10. Height: It typically grows to a height of around 30 to 90 centimetres.

  11. Adaptability: Water-pepper is adaptable to a range of soil types but prefers moist conditions.

  12. Season: It blooms from late spring to early autumn, producing spikes of flowers during this period.

  13. Invasive Species: In some regions, water-pepper can be considered invasive due to its ability to form dense colonies and outcompete native vegetation.

  14. Wildlife Habitat: The plant provides habitat and food for various insects and birds.

  15. Aromatic Properties: Water-pepper has a strong and distinctive aroma, contributing to its culinary appeal.

  16. Hardiness: It is a hardy plant, capable of withstanding various environmental conditions.

  17. Allelopathic Effects: Water-pepper has allelopathic effects, inhibiting the growth of certain competing plants.

  18. Perennial: Water-pepper is a perennial plant, returning year after year.

  19. Cultural Significance: In some cultures, water-pepper has historical or cultural significance, often tied to traditional medicinal uses.

  20. Propagation: The plant can reproduce through both seeds and rhizomes, contributing to its ability to colonize areas.

  21. Diversity: There are several varieties of water-pepper with subtle differences in appearance and habitat preferences.

  22. Water Conservation: Its preference for damp environments makes water-pepper valuable in water conservation efforts in certain ecosystems.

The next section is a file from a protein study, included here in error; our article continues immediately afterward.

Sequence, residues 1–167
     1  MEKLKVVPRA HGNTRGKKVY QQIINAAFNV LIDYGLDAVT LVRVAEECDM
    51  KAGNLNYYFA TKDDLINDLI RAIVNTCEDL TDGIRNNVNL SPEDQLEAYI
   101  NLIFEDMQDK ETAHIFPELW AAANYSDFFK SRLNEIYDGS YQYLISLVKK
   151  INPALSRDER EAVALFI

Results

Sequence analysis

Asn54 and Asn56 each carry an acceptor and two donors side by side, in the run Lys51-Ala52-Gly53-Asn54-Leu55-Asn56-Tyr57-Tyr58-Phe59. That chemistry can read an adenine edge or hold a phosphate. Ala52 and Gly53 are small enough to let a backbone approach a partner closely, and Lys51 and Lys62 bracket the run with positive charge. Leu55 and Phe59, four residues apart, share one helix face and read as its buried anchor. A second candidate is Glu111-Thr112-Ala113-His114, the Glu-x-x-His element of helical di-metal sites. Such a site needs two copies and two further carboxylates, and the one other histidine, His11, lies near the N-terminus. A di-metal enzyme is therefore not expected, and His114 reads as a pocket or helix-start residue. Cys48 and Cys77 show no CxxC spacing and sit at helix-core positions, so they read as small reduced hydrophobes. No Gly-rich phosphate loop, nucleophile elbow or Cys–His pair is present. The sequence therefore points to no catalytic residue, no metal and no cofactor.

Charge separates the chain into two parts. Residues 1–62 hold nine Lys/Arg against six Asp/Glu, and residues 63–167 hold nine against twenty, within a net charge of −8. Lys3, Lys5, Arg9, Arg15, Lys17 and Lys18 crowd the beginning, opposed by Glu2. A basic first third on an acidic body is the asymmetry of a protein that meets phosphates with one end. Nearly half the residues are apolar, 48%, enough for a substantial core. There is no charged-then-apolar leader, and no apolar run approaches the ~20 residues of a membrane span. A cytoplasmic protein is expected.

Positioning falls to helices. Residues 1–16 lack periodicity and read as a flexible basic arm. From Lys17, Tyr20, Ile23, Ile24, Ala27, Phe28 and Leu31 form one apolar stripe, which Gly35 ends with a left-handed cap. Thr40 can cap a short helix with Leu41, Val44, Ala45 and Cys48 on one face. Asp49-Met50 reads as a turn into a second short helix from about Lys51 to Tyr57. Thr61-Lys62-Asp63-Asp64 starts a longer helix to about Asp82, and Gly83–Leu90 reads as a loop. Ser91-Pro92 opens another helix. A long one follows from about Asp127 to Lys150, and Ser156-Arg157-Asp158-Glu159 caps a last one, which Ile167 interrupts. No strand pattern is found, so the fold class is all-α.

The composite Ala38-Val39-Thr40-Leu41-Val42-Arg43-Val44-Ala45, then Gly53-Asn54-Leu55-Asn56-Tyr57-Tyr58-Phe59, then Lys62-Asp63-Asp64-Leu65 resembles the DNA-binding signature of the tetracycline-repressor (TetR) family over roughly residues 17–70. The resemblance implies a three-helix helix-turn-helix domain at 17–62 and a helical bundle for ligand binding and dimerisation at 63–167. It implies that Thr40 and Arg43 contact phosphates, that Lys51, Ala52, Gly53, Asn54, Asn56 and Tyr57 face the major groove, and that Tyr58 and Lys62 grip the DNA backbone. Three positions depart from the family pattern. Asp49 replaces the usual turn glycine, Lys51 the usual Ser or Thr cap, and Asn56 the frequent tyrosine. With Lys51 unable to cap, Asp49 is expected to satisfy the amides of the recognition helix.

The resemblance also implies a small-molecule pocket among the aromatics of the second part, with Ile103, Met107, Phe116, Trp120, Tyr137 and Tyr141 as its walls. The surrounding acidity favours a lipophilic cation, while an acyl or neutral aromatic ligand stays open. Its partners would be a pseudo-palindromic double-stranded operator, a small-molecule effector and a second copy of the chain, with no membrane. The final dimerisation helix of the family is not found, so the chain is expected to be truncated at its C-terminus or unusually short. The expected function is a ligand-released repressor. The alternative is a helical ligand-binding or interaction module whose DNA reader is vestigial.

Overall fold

23. Botanical Family: Water-pepper belongs to the Polygonaceae family.

  24. Attracts Pollinators: The flowers attract pollinators such as bees, butterflies, and hoverflies.

  25. Drought Tolerance: While it prefers moist conditions, water-pepper can exhibit some degree of drought tolerance.

  26. Inhibitory Chemicals: The plant produces chemicals that inhibit the growth of nearby plants, contributing to its competitive advantage.

  27. Folk Names: Water-pepper is also known by various folk names, including smartweed and water smartweed.

  28. Herbal Infusions: The leaves of water-pepper can be used to make herbal infusions with potential health benefits.

  29. Ethnobotanical Uses: Different cultures may have diverse ethnobotanical uses for water-pepper, ranging from culinary applications to medicinal remedies.

  30. Conservation Concerns: In some regions, the aggressive growth of water-pepper raises conservation concerns, particularly in native plant communities.


Water-pepper filmed around the Chorley region of Lancashire on the 21st July 2023 and 20th August 2023.


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Distribution Map

Reproduced by kind permission of the BSBI.